“Elite” hackers have tried – and failed – to breach computer systems and networks of the World Health Organization (WHO) earlier this month, Reuters reported on Monday.
In fact, since the start of the COVID-19 pandemic, the WHO has been fielding an increasing number of cyberattacks, as well as impersonation attempts.
About the attack
The attackers created a malicious site mimicking the WHO’s internal email system in an attempt to phish the agency staffers’ email credentials.
What the attackers were after and who they were is not known, although some sources suspect them to be the Darkhotel espionage crew, which has been active for nearly over decade and whose targets are usually high-profile individuals: executives in various sectors, including defense and energy, and government employees. (The sources did not say why they are inclined to point the finger at the Darkhotel threat actors.)
Costin Raiu, head of global research and analysis at Kaspersky, said that the malicious web infrastructure used in this attack had also been used to target other healthcare and humanitarian organizations in recent weeks.
Coronavirus researchers are being targeted
The Canadian Centre for Cyber Security has also been warning Canadian health organizations about cyber criminals and spies.
“[Sophisticated threat actors] may attempt to gain intelligence on COVID-19 response efforts and potential political responses to the crisis or to steal ongoing key research towards a vaccine or other medical remedies, or other topics of interest to the threat actor,” the federal agency noted.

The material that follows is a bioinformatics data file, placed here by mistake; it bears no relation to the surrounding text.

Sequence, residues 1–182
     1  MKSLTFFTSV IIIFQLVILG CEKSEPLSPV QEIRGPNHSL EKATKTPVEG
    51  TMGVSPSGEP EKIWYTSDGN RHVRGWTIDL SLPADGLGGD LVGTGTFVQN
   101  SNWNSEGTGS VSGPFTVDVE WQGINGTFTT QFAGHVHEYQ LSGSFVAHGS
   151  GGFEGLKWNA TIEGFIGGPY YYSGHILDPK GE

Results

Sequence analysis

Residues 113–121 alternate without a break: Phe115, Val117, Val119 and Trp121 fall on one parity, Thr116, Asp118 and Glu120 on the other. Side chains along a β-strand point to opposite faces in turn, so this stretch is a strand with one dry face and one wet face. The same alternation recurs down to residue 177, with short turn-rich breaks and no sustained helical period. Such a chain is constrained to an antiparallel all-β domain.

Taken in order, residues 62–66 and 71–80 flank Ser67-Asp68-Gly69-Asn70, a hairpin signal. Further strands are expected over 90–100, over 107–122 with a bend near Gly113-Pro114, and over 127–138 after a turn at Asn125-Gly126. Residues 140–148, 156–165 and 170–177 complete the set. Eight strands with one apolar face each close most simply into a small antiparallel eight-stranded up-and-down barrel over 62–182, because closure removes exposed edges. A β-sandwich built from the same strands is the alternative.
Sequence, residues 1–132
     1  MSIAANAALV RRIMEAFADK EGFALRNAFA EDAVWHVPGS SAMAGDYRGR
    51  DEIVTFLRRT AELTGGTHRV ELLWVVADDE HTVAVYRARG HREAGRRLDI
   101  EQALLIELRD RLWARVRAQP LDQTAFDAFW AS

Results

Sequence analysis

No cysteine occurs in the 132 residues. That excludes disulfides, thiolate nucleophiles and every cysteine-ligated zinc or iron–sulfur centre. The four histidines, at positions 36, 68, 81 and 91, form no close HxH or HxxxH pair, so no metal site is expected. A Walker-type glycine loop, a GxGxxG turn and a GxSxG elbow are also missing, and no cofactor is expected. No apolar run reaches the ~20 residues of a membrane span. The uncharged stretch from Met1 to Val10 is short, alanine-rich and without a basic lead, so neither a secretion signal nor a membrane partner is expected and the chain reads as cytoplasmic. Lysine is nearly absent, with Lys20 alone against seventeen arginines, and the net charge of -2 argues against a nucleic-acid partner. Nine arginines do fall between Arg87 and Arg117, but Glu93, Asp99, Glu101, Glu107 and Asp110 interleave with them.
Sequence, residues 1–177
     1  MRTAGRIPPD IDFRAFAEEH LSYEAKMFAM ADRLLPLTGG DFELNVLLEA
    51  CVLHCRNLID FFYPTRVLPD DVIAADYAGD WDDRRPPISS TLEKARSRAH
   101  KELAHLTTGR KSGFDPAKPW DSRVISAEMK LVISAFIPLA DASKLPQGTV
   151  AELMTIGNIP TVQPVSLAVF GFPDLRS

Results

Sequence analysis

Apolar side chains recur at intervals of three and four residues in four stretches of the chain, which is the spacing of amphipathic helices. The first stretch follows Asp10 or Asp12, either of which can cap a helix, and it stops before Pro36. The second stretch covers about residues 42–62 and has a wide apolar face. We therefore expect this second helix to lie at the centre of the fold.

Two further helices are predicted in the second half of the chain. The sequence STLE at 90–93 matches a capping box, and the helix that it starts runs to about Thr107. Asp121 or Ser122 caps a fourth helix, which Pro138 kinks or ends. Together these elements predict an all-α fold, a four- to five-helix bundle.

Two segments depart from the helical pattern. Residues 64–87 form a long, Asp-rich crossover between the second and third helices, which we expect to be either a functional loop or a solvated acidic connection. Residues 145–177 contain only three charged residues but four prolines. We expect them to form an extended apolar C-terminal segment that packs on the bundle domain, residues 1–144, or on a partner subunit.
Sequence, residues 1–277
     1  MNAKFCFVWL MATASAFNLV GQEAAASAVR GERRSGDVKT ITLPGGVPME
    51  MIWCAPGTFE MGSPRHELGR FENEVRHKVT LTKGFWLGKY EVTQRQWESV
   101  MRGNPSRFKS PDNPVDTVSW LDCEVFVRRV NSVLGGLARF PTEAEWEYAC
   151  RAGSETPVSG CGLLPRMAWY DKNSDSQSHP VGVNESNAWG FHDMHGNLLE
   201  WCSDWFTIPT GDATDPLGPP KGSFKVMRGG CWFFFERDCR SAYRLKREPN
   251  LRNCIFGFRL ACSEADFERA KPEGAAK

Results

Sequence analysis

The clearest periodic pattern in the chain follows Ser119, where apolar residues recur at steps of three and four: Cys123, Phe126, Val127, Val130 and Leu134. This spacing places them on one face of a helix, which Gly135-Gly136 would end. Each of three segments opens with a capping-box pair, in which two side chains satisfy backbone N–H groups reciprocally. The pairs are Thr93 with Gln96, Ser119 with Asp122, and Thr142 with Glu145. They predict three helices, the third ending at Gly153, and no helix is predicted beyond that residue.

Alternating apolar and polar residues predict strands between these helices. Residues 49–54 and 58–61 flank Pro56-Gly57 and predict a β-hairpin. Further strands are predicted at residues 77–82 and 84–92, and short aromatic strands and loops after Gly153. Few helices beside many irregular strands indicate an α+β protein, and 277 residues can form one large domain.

“Cyber criminals may take advantage of the COVID-19 pandemic, using the increased pressure being placed on Canadian health organizations to extract ransom payments or mask other compromises.”
The agency advised healthcare organizations to be on the lookout for social engineering and spear-phishing attempts and that attackers could exploit critical vulnerabilities and/or compromised credentials.
They also urged all organizations to “become familiar with and practice their business continuity plans, including restoring files from back-ups and moving key business elements to a back-up infrastructure,” and have provided a list of critical vulnerabilities that should be patched and/or mitigated as soon as possible.
Healthcare organizations previously hit
Cybercriminals wielding ransomware have already hit some healthcare organizations involved in the fight against the COVID-19 virus.
While the latter managed to repel the attack and did not suffer downtime, the attackers published some of the medical data they stole. They later removed the leaked files.